Despite arriving under a sunset cloud of fairy floss, once I poured in the soda water to lengthen it, the spun sugar dissolved into a pithy, tart grapefruit, lime and soju-based drink that made for a perfect hot day aperitif.

For an accompanying drinking snack, we wanted K.F.C. but were talked down from a Whole Chook ($35) or Half Bird ($19) into a steamer basket of Wing Wing ($16/12 pieces) as we were just dining as a party of two.

Presented in two flavours, the sticky ginger soy wings edged out the plain Korean fried chook, which ate a bit dry though improved when dragged through Creamy Onion ($2) dipping sauce.

Moving onto Makgeolli ($12) (soothing Korean rice wine) to accompany our shared main, we watched eagerly as it was assembled over a burner at our table. The metal-handled pot of Tteokbokki with Toppings ($32) buries lightly spicy Korean rice cakes (tteokbokki) under five toppings, which make the dish textural and fun to explore.

While the toppings – boiled eggs, mandu (pork and kimchi dumplings), popcorn K.F.C. (boneless Korean fried chicken), fish cakes, shredded shallots and fried seaweed rolls – are all ready to eat, give the dish about ten minutes to get the cheese nice and melty, and the underlying, chewy rice cakes, time to get hot.

With more prompt table-clearing we might have tried Bibimbar’s only dessert – Honey Hotteok ($12) – popular Korean street-food pancakes; however after being left too long staring at empty plates, we escaped them by leaving our seats to pay and leave.

69 Abercrombie Street, Chippendale
Ph: (02) 8964 0900

Bibim Bar Menu, Reviews, Photos, Location and Info - Zomato
Does My Bomb Look Big In This?

Review - My Lua

My Lua occupies an interstitial space between towering office blocks. The all-day café is owned by Candice Anh Nguyet who immigrated from Vietnam sixteen years ago.

In 2013 she took over this formerly Greek-owned takeaway business that plied a trade in burgers and pasta dishes.

Commencing a long process of change that finally finished early this month, Nguyet has converted it to bring the authentic flavour of Vietnamese food from Saigon to Sydney.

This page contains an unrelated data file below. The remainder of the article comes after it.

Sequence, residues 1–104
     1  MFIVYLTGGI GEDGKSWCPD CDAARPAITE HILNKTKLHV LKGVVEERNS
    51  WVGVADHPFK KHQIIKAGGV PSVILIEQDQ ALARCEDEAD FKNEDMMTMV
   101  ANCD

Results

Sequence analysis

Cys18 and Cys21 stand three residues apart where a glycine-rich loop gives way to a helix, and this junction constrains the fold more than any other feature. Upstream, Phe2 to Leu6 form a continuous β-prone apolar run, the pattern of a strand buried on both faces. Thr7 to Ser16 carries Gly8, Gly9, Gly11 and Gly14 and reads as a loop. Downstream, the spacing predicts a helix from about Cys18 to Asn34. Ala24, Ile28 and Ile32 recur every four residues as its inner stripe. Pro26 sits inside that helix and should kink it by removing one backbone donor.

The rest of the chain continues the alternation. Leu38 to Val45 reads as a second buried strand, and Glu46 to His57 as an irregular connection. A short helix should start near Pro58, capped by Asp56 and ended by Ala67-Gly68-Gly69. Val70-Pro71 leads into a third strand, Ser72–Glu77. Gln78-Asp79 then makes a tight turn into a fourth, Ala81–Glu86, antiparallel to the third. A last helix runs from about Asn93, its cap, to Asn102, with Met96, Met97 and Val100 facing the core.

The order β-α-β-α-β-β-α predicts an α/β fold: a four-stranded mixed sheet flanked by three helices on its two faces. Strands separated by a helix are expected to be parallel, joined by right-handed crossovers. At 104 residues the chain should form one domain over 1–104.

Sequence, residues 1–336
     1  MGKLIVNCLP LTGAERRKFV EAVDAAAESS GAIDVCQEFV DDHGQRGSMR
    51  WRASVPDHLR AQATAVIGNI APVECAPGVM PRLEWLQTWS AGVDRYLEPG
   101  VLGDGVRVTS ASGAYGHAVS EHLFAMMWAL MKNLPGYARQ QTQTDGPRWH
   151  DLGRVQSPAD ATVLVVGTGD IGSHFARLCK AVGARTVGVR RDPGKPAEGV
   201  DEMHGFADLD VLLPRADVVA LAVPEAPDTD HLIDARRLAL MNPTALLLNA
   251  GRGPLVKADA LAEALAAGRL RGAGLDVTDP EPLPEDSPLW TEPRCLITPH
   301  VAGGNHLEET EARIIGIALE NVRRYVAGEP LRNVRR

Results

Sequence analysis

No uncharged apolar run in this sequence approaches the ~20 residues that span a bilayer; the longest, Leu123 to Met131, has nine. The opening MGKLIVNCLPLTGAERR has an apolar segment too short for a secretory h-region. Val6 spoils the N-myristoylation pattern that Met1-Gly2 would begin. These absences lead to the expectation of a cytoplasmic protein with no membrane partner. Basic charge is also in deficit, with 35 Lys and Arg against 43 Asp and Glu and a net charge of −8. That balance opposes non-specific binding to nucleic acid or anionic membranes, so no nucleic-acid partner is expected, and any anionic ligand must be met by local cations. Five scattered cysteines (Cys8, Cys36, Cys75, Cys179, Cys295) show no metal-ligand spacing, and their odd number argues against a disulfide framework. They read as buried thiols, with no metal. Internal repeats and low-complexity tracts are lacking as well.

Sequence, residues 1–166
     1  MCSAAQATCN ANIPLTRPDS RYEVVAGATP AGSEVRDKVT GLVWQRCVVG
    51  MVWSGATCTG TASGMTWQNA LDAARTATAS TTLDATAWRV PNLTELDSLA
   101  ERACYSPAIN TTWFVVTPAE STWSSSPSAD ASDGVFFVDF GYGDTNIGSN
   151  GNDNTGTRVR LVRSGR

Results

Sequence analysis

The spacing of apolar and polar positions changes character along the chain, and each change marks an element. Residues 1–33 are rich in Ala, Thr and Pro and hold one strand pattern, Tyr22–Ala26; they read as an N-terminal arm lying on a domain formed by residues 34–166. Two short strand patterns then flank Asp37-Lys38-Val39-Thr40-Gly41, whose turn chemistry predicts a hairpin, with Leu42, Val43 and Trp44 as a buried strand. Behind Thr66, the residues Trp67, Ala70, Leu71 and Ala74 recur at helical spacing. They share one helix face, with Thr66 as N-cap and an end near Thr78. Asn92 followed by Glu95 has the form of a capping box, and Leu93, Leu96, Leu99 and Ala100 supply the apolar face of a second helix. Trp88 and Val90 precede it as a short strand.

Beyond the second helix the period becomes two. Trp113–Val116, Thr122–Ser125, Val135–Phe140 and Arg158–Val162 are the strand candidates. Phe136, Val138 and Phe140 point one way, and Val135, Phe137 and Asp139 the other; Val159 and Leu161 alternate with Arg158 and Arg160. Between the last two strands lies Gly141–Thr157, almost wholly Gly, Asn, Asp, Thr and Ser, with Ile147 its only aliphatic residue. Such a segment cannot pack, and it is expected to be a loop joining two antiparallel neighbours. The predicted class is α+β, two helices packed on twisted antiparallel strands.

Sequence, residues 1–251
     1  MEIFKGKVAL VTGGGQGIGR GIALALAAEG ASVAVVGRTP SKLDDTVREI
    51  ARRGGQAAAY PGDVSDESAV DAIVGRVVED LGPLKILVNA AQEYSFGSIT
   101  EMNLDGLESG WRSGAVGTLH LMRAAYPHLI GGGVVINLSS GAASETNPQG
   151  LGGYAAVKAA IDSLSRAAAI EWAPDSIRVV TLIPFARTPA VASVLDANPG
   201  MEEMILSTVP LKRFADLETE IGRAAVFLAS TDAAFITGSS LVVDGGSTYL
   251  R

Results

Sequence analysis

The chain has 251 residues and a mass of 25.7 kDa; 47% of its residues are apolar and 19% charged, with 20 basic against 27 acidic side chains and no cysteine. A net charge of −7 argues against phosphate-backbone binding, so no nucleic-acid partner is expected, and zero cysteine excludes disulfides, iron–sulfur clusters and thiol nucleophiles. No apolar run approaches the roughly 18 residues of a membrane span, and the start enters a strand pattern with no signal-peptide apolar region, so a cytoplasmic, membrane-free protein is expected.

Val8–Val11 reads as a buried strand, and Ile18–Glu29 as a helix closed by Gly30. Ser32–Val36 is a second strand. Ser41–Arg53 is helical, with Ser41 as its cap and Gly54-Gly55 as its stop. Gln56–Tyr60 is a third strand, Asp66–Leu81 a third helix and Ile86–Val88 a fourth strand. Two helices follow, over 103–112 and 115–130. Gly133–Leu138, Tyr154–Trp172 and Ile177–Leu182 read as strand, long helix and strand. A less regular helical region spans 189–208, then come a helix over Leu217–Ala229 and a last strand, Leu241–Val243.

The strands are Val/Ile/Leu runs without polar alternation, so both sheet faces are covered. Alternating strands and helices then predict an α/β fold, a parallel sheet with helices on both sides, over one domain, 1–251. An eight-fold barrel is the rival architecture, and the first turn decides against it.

Her concession to this location is keeping an Aussie-style coffee’n’toast brekky over the more usual Vietnamese soup and noodle breakfasts.

Arranged under a shelter, the outdoor tables are tucked into a nook that sees them largely protected from any wind tunnels howling down either Market Street or Kent Street.

From the array of overhead menu boards, or the colourful paper menus by the door, make your lunchtime selection from the list of bánh mì, phở, bún (noodle bowls), gỏi (salads), cơm (rice dishes) or gỏi cuốn (rice paper rolls). Keep your eyes peeled for combo. deals that allow you to mix and match, or simply make your own – everything here is fresh and affordable.

My BBQ Honey Soy Chicken Gỏi Cuốn ($5) was a better-than-average rice paper roll with crisp cucumber, fragrant mint, springy vermicelli, crunchy fried shallots and honey-soy chook.

Dragged through their tasty roasted peanut sauce, it was a lovely way to start my meal.

My Lua's thinly sliced, marinated and grilled pork is well-showcased in a Bao ($5.90); a soft white steamed bun that arrived in Vietnam with Cantonese immigrants.

With the weather being warm, Vietnamese Iced Coffee ($6.50) is the order of the day. After it drips through into the milky sweet layer below, stir well then pour it into the accompanying glass of ice for a cooling beverage that is robust without being inaccessible.

I finish with a steaming bowl of Phở ($13.90/regular). For an extra buck you can have your beef noodle soup with all types of beef.